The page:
We should have this conversation about the Mustang GTs availability this time next month or in February. My guess is the selection will be quite large at the bigger dealerships.
  • nedc2nedc2 Posts: 192
    Regarding F-150 v. Mustang inventories, you have to remember that the F-150 is produced at several plants, Dearborn Assembly, Norfolk, and Kansas City, whereas the Mustang is produced only at Auto Alliance in Flat Rock MichiganI where it shares the line with the Mazda 6 series cars. Really big inventories and price cuts/rebates on the Mustang won't be coming anytime soon unless demand really tanks. And also remember the Mustang convertible is due out in a few month, and they are gorgeous.
  • qbrozenqbrozen Posts: 16,895
    I'm really shocked at how many optimistic people there are regarding Mustang production, sales, etc. Its as if none of you have bought a Ford car before and tried to sell/trade it a few years later. I'm not bashing, mind you, I think optimism and hope are great things. I just don't possess those traits, I guess.

    '13 Stang GT; '86 Benz 300E; '98 Volvo S70; '12 Leaf; '08 Town&Country

  • rorrrorr Posts: 3,630
    Oh, I'm well aware that the F-150 is produced in several plants and the Mustang in only one. But there is a reason for that: demand for F-150 trucks (particularly here in Tx) and the profit Ford makes from them. I'm sure if sustained demand were high enough for the Mustang, Ford would SOMEHOW find a way to fill that demand.

     

    You can't swing a dead cat around here without smacking some urbanite in his new F-150.....

     

    Have you even known ANY model of Ford (in the last 25 years) where production was simply unable to keep up with demand 1 year after introduction? I say for those who really want a Mustang (and I certainly can understand the longing), just wait. Inventory WILL build and prices WILL fall.
  • mschmalmschmal Posts: 1,757
    This idea is still missing the boat. I can only order cars AFTER I get allocation. If a dealer has more orders than allocation then they will have no motivation not to insist on sticker price.

     

    Mark
  • mschmalmschmal Posts: 1,757
    One out of every new vehicles sold in Texas is a Ford F-Series truck. :)

     

    Mark
  • mschmalmschmal Posts: 1,757
    Check this out if you want to see how crazed people are about this car.

     

    http://www.detnews.com/2004/autosinsider/0412/21/A01-37497.htm

     

    Mark
  • i dont know folks... i mean, after reading the reviews and getting the feeling that the new mustangs are a hit.. afterall, its still a car... i mean, every year, there's always some hype of some new model coming out and people are paying msrp or over for these cars.. just look at the PT crusier... overtime, maybe not next month, but i'm sure in 6 months.. folks will be paying invoice or around invoice for this car.. i think there's always excitment when it comes to a new car purchase, but a car like this which plays alot into people's emotions with the 60's.. tend to make a few of us out there a lil nuts.. (example..paying more to be the first to have it)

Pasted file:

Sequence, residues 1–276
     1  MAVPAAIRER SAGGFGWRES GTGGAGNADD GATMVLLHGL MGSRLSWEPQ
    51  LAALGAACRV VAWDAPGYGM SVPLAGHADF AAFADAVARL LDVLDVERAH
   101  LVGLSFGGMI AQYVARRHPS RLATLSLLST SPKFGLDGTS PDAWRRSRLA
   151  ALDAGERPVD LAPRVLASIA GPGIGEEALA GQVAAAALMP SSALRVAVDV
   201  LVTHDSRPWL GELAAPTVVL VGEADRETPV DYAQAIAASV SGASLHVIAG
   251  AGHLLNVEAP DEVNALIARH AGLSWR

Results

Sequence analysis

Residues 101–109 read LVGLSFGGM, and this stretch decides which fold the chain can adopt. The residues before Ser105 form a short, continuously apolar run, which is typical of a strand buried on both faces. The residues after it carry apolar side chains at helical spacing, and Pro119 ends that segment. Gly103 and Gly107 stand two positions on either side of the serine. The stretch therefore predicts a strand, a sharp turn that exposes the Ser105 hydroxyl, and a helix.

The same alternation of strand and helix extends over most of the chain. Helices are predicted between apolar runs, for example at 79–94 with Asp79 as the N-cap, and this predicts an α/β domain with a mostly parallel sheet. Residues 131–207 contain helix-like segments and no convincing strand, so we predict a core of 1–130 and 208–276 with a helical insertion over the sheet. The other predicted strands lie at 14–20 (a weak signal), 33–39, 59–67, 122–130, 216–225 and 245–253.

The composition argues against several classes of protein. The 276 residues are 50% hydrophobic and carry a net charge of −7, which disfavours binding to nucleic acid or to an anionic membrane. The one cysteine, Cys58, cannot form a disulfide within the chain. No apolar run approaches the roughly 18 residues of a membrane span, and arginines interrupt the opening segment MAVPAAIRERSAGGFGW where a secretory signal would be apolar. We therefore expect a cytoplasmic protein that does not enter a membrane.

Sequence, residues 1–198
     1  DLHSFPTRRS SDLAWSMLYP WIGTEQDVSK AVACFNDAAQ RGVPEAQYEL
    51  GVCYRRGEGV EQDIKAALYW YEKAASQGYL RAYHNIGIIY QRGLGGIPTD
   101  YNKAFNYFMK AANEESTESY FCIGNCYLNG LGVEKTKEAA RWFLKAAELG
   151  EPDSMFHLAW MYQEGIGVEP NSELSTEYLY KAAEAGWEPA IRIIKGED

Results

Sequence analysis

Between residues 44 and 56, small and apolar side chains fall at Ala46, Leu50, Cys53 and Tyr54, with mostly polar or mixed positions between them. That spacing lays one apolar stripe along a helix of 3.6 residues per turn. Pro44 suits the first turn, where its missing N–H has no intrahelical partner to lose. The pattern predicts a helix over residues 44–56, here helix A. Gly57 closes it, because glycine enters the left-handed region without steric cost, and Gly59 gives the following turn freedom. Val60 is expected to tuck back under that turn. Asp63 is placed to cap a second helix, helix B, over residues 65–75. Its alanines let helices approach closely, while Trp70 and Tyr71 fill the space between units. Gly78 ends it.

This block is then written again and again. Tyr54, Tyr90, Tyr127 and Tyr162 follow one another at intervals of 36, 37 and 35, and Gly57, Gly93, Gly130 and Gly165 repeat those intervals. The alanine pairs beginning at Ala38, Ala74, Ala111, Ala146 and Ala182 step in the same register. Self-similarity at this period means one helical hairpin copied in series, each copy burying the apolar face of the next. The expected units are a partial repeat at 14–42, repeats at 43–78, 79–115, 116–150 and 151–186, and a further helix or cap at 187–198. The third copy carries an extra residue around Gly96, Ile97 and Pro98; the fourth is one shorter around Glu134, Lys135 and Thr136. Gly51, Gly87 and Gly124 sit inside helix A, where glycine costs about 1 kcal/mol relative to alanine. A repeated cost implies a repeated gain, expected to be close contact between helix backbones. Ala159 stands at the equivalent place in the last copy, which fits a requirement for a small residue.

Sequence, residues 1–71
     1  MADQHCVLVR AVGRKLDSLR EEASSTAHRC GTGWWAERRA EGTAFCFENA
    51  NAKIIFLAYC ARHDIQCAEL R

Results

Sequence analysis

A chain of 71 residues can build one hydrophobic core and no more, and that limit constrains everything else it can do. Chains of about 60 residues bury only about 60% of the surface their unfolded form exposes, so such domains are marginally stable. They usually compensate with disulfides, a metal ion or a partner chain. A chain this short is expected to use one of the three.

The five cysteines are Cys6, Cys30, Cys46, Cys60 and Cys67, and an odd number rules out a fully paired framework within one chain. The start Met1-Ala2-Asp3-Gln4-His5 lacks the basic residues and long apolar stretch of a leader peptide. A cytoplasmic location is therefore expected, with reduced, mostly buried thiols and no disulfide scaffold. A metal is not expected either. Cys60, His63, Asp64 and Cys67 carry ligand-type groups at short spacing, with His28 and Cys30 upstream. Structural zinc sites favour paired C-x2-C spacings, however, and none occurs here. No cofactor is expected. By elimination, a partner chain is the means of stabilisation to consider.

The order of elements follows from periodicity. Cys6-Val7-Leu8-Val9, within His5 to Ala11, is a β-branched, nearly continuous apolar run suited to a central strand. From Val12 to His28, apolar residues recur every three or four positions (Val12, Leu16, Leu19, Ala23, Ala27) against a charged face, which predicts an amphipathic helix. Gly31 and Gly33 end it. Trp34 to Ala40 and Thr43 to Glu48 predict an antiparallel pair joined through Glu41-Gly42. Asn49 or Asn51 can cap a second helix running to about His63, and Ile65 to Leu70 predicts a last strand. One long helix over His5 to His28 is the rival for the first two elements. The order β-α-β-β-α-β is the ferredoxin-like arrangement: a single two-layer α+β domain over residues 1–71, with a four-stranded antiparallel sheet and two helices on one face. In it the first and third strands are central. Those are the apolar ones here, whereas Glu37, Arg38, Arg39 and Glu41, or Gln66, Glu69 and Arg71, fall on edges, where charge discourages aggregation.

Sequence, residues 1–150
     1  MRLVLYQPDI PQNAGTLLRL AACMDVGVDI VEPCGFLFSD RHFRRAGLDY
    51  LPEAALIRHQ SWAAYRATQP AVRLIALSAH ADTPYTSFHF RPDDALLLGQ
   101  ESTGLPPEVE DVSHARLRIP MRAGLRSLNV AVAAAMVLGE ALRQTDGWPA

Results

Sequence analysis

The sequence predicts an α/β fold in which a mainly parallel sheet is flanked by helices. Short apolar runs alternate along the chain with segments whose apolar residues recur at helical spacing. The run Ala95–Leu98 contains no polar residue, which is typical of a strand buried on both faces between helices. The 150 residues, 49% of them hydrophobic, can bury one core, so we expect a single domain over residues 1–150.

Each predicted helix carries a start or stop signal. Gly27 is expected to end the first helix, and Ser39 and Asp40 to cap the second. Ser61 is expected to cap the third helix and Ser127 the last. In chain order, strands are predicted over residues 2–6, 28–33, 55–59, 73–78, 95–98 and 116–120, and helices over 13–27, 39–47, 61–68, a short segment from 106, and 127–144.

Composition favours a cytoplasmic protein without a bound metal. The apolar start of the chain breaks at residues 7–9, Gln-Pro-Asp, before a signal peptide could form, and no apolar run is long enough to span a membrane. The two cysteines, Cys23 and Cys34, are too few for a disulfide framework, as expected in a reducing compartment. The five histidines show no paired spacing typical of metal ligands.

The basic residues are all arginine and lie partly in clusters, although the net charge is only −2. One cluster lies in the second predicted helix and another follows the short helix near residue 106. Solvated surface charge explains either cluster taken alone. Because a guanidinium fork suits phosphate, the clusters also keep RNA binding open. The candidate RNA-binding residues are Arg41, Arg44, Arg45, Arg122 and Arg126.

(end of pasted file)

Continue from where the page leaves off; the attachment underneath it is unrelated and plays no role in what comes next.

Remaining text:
• I have a 20 year old Mustang, and a 10 year old Mustang, both in tip top shape. I *know* I can get more for each one of them than a 10 year old Camry.
  • john_324john_324 Posts: 974
    That's very true, with virtually any mid-end American car. But Mustangs are a special case I think and as such, there are some different considerations in the buying decision.

     

    While the decision process for your average American car is largely one of economics, it's hard to think of Mustangs solely (if at all) in this fashion. I'd imagine a good amount of Mustang buyers do not consider resale at all, esp. with the 2005s; it's a car they plan to hold onto and enjoy for a long time. I still see plenty of mid-1980s Fox bodies, unmodded but well-maintained, being driven around by everyday people...

     

    It's said that true enthusiasts don't care about resale values...they care about the enjoyment that ownership and use brings to them. So maybe Mustangs have an odd power to make enthusiasts (at least for a single car, for a while in their lives) out of everyday drivers? After all, how many people do you know that wax nostalgic about a Camry or Taurus they owned years ago?
  • graphicguygraphicguy SW OhioPosts: 6,896
    qbrozen...I'm with you on this topic. I hope all the Ford dealers get MSRP for every Mustang they sell. I just don't see it happening for much longer, though. I kind of view this the same as when the VW "New Beetle" came out. There was a flourish of "over sticker" buying. Then, just as quickly, demand tapered off once the lots began filling up and "deals" started to become prevalent.

     

    I see the same thing happening with the Mustang. Matter of fact, I'd say it's starting already. I'm seeing stock on even the GT models starting to become easier to find at Ford dealerships.

     

    Historically, Ford (as well as GM and Chrysler) have produced at capacity regardless of demand of any vehicle. That's the way they are set up....keep those plants humming for 3 shifts.

     

    One of the hottest cars on the market, the Chrysler 300C Hemi, was going for MSRP and above when they were first introduced. It's pretty easy to make a deal on one now since the initial "buzz" has died down and stock is rising at the dealerships.

     

    I've never known any U.S. brand to hold huge resale until some of the models garnered "antique" status. That said, I don't think resale of an antuque AMC Pacer will ever be much.